These past several years, I've been bouncing around a few technical-fabric apparel brands, seeking well-built, solid uniforms with thoughtful quality materials. It hasn't been difficult to find dozens of niche brands filling this space. But only Western Rise has fit the bill perfectly across all components of a minimal yet complete wardrobe.
My first foray was with Outlier, a New York brand drenched in radical ideas for hardcore fabrics, construction, and style. They've gathered a cultish following over the years, and their product line has ebbed and flowed, most dominantly from their iconic set (merino wool tee with slim dungaree pants), to such wildly idiotic inventions as the strongwool hide. Their pants are great. Their shirts are inventive (I really like my ramielust tee for summer temps).
I also dabbled in Ministry of Supply, whose mantra is maintaining an inventory of manageable clothing backed by science. So instead of referencing various ways of washing specialty fabrics (like Outlier), Ministry of Supply focuses on machine washable approaches to everything, even though they are heavy on technical, breathable fabrics. I picked up a great merino tee from them a few years ago, and have been sporting their perfectly-designed kinetic blazer for work/travel.
The brand that has aligned with my clothing preferences the most is an outfit out of Colorado called Western Rise. Their color sets are simple and consistent (blacks > blues > grays > greens), their catalog is tiny, but thoroughly meets the needs of a weekly and multi-functional uniform, and the fit of their clothes is better than anything I've had ("tailored," but comfortable).
Over the last year, I've picked up a few staples that have dominated what I wear day-to-day:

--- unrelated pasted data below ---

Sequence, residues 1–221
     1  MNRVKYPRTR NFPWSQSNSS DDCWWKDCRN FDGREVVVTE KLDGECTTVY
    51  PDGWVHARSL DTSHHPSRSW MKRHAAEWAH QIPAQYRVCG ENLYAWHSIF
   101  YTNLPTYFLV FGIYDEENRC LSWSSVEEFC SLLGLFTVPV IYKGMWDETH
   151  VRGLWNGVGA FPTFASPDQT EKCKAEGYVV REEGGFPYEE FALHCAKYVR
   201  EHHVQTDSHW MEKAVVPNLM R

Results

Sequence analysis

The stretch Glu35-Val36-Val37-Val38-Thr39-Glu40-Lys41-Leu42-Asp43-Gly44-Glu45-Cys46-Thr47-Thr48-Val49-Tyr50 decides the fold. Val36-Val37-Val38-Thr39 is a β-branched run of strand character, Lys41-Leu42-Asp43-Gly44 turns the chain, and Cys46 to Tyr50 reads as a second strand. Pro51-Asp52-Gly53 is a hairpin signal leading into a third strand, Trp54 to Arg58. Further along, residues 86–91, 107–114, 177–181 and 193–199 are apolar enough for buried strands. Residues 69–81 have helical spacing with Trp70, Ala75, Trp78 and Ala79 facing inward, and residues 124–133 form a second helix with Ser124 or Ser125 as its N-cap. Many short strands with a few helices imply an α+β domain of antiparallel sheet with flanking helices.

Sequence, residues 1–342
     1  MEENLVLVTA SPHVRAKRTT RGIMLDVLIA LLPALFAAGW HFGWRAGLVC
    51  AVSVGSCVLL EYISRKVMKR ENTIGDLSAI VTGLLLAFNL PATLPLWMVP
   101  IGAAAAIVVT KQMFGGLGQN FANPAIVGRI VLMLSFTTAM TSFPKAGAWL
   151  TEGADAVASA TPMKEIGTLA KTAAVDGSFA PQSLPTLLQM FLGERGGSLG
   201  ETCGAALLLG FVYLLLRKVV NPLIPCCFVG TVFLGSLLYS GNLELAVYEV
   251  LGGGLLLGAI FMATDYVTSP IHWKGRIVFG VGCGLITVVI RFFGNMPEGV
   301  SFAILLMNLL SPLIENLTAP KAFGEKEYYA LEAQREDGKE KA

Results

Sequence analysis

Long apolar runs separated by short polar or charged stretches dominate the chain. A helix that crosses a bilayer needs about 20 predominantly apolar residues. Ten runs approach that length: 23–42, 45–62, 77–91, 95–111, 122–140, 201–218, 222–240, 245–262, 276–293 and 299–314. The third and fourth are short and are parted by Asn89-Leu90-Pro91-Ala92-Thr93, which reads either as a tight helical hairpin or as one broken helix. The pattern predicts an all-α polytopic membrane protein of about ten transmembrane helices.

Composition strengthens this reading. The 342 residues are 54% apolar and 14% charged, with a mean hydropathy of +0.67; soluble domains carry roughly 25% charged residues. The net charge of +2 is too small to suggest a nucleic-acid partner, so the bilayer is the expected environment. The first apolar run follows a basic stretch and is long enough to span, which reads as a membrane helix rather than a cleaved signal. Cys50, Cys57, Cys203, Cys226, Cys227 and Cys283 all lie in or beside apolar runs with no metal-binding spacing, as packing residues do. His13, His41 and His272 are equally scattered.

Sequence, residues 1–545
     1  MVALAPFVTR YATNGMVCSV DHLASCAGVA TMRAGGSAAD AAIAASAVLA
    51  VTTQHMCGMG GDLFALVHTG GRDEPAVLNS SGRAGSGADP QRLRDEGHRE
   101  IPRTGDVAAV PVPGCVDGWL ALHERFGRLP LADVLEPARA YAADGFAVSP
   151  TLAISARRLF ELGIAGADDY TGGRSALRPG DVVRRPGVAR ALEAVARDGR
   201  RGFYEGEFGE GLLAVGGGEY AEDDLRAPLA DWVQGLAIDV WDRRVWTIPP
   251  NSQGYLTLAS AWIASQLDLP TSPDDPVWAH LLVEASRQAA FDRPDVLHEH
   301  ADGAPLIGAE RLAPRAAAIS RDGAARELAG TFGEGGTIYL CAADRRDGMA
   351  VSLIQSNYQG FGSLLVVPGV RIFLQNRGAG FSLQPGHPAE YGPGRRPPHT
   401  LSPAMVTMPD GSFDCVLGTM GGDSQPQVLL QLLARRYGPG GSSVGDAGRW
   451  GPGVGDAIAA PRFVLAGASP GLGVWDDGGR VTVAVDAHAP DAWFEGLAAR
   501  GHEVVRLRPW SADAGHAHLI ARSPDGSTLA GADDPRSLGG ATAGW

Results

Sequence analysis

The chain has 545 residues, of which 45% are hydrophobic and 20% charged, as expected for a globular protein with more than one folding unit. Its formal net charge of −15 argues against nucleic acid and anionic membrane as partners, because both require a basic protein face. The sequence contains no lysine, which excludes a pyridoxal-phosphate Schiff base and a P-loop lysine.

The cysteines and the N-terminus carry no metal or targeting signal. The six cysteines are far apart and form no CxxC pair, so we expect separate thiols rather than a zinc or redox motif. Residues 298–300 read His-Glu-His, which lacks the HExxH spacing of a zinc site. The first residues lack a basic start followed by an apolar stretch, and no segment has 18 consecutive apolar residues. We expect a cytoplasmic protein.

This was my first Western Rise purchase. I went for blue gray, a color perfect for matching the rest of their color spectrum.
Right off the bat, these things fit wonderfully, true-to-size (they run S, M, L, you can target a size accurately since they have a cinched waist). Their 4-way stretch is incredibly pliable, the comfort is high, and the water/stain resistance is a major bonus. And as with most (all?) their products, they've very breathable, which makes them suitable for spring/summer wearing in the heat, and function stellar for things like kayaking (with quick-dry properties). The primary pockets are massive cavities, which is in most cases a good thing, but I tend to use the left-leg zippered pocket for my iPhone since it sits awkwardly in the larger primary pockets. The cinch tie and zipper pull on the side pocket are capped with tightened wax, which is 🤌.
The range you can get in these is incredible. They look nice enough to go out for a drinks, flexible enough to work out in on a cooler day, and comfortable enough to WFH in (or, sure, work in the office). I'd buy more, but this one works so well and resists the need to wash frequently, the value of one is more than enough.
AirLoft Shirt Jacket
This jacket is brilliant. It's super light-weight, comfortably manages temps anywhere from 30 Fº-55 Fº, has great side-slit pockets + a hidden inner zipped pocket + chest-flap pocket, and the fit is superb. Somehow you can manage to wear a tee, sweater, hoodie, or any combination therein, and the jacket doesn't constrict with the layers. Perhaps it's the leeway in stretch, perhaps it's just magic.
I've been wearing this non-stop in Minnesota's wildly fluctuating spring temps, and haven't had to break out a rain coat or a winter jacket for any of it. The AirLoft Shirt Jacket is a great use-case for this weather spectrum.
AT Slim Pant
This truly functions like their claim — it's the jean "re-imagined". This one does a better job of feel/fabric mimicry than Outlier's Slim Dungarees (and has less of the slick-feel, which, depending on what you like, is a positive or negative). The AT Slim Pant does have a minimal technical fabric noise as you move in them, but it's part of the deal.
The fabric is heavier in the sense that it is more substantial than the other pants I've worn from Western Rise. It's not a heavier weight, but it feels more rugged, durable. These can take a beating. Like jeans.
A few bonuses to this vs jeans is that they are much more breathable, have a two-way stretch (which, admittedly, isn't obvious), and they also are water resistant (tried it, and it's an accurate claim). They also claim stain resistant, but I haven't had the accidental pleasure of running into issues there yet.